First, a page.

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Pilot-scale evaluation of UV-A & UV-C photocatalytic treatment for mitigating odorous gas emissions from swine manure

Published by the American Society of Agricultural and Biological Engineers, St. Joseph, Michigan www.asabe.org

Citation:  2021 ASABE Annual International Virtual Meeting  2100076.(doi:10.13031/aim.202100076)
Authors:   Myeongseong Lee, Jacek A. Koziel, Wyatt Murphy, William S Jenks, Baitong Chen, Peiyang Li, Chumki Banik
Keywords:   Air pollution control, air quality, volatile organic compounds, odor, environmental technology, advanced oxidation, UV.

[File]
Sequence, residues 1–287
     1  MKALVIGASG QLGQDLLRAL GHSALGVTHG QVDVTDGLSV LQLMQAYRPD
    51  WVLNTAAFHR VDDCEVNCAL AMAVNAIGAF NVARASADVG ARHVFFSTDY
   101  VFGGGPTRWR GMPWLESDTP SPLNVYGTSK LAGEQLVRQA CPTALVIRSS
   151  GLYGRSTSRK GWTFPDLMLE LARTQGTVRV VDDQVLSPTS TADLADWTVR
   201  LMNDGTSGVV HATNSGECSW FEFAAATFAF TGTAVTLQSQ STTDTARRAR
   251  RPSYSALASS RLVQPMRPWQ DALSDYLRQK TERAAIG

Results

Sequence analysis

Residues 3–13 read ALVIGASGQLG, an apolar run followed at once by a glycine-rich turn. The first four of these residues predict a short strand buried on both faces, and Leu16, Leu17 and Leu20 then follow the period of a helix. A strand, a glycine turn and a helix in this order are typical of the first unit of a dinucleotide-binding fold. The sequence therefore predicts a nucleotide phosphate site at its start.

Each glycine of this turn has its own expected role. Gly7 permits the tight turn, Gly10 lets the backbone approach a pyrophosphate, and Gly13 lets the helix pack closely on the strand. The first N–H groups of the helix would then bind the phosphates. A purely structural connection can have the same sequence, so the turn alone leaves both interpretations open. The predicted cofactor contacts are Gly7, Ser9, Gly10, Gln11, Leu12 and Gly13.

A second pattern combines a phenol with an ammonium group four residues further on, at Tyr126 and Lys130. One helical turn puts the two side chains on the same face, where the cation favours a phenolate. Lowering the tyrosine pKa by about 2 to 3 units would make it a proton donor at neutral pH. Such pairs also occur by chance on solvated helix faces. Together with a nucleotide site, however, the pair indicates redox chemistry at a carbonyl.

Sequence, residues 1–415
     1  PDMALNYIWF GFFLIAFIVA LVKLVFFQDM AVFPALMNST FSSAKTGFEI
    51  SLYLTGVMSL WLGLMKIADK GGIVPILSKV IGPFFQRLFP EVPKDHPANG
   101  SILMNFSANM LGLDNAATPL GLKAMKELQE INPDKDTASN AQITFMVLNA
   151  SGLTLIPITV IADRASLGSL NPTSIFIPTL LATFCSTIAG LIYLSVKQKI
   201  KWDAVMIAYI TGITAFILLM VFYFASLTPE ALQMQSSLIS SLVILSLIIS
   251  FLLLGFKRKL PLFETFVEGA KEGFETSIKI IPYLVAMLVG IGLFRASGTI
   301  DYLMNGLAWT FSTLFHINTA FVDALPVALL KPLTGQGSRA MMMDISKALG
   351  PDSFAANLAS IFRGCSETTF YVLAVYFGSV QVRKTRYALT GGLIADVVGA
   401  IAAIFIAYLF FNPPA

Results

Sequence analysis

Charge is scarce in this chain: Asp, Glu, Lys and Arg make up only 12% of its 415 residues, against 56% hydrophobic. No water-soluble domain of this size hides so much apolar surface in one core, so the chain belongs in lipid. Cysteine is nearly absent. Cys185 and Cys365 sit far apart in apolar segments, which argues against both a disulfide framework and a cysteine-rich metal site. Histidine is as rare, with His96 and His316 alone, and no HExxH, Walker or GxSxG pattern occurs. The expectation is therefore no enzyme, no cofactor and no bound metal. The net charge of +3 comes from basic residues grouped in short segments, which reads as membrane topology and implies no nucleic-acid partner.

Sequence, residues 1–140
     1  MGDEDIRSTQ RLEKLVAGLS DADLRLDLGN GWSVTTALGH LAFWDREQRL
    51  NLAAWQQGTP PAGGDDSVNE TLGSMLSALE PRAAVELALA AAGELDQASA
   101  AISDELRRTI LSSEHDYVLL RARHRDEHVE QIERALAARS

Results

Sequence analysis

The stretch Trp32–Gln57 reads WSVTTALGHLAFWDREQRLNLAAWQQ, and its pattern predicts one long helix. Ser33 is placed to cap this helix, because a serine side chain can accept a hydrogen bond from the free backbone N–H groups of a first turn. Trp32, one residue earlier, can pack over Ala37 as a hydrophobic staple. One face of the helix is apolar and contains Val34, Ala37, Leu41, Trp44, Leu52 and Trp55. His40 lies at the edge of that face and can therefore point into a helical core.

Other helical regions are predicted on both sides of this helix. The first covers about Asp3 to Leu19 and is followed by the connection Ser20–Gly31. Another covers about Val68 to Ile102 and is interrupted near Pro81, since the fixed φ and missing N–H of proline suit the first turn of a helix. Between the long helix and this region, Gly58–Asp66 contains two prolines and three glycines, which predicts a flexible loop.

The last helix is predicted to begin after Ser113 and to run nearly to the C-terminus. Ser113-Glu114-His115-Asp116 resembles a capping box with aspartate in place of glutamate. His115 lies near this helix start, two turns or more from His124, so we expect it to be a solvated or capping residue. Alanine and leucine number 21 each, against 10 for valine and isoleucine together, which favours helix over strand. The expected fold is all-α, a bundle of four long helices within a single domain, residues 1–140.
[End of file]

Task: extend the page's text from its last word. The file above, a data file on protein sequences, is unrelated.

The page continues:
Abstract. It is essential to mitigate gaseous emissions that result from poultry and livestock production to increase industry sustainability. Odorous volatile organic compounds (VOCs), ammonia (NH3), hydrogen sulfide (H2S), and greenhouse gases (GHGs) have detrimental effects on the quality of life in rural communities, the environment, and climate. This study's objective was to evaluate the photocatalytic UV treatment of gaseous emissions of odor, odorous VOCs, NH3, and other gases (GHGs, O3 – sometimes considered as by-products of UV treatment) from stored swine manure on a pilot-scale. The manure emissions were treated in fast-moving air using a mobile lab equipped with UV-A and UV-C lights and TiO2-based photocatalyst. The treatment effectiveness depended on the UV dose and wavelength. Under UV-A (367 nm) photocatalysis, the percent reduction of targeted gases was up to i) 63% of odor, ii) 51%, 51%, 53%, 67%, and 32% of acetic acid, propanoic acid, butanoic acid, p-cresol, and indole, respectively, iii) 14% of nitrous oxide (N2O), iv) 100% of O3, and 26% generation of CO2. Under UV-C (185+254 nm) photocatalysis, the percent reductions of target gases were up to i) 54% and 47% for p-cresol and indole, respectively, ii) 25% of N2O, iii) 71% of CH4, and 46% & 139% generation of CO2 & O3, respectively. The results proved that the UV technology was sufficiently effective in treating odorous gases, and the mobile lab was ready for farm-scale trials. The UV technology can be considered for the scaled-up treatment of emissions and air quality improvement inside livestock barns.

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